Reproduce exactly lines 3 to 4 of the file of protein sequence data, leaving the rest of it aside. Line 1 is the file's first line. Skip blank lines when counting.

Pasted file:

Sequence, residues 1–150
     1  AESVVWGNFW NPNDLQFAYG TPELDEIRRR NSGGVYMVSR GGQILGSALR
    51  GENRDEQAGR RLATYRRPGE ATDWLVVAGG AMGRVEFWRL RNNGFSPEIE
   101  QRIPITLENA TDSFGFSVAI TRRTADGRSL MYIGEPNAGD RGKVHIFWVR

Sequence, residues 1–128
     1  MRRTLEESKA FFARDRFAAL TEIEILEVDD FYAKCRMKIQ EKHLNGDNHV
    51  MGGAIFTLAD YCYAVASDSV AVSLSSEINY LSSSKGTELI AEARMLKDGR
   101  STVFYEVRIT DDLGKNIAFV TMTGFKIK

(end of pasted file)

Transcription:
    51  GENRDEQAGR RLATYRRPGE ATDWLVVAGG AMGRVEFWRL RNNGFSPEIE
   101  QRIPITLENA TDSFGFSVAI TRRTADGRSL MYIGEPNAGD RGKVHIFWVR